We read in this week's parashah that Zelophehad died leaving no sons. His five daughters approached Moses to ask if they could inherit the land of their father rather than it pass from their immediate family to a different clan. Moses enquired of God and was given the law for all time: if there are no male heirs, the women should inherit the land.
It is the method of the challenge that I find fascinating. The women had a legitimate request and wanted a ruling from Moses; they believed in the process.
According to the Midrash, the sisters had a deep belief in the justice of God and said to each other: God's mercy is not like the compassion of mankind. Mankind favours men over women. God is not that way, His compassion is on men and women alike (Yalkut Shimoni, Pinchas 27 Sifri 27.1).
These women were striving for truth and a higher good. They had a practical query that needed an answer and took it to Moses for a response.
The daughters of Zelophehad were wise women, according to the Talmud (Baba Batra 119b) as not only did they seek counsel of Moses, they also considered the most appropriate time to present the petition to him.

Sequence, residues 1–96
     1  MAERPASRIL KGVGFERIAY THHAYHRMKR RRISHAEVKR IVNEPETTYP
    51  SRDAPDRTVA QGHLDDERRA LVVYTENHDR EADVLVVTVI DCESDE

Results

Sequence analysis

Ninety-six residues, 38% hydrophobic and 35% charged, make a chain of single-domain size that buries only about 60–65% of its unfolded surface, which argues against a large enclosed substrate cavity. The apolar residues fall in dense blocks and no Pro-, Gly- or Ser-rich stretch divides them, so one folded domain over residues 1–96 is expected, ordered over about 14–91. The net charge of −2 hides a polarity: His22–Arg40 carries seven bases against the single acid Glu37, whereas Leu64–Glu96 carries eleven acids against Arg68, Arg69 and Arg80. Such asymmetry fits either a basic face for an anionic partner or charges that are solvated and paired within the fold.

So what do we learn from these women? That we must strive for truth and justice, and that we should do so at the right time and in an appropriate manner. This is an essential principle for social action: find the issue of inequality or injustice and look for the right response to the issue. Their behaviour is an enduring model for all time: take the issue to the decision-makers and push for legitimate change.
As Blu Greenberg once said, where there is a rabbinic will, there is an halachic way; it is a matter of choosing your battles and when and how to fight them.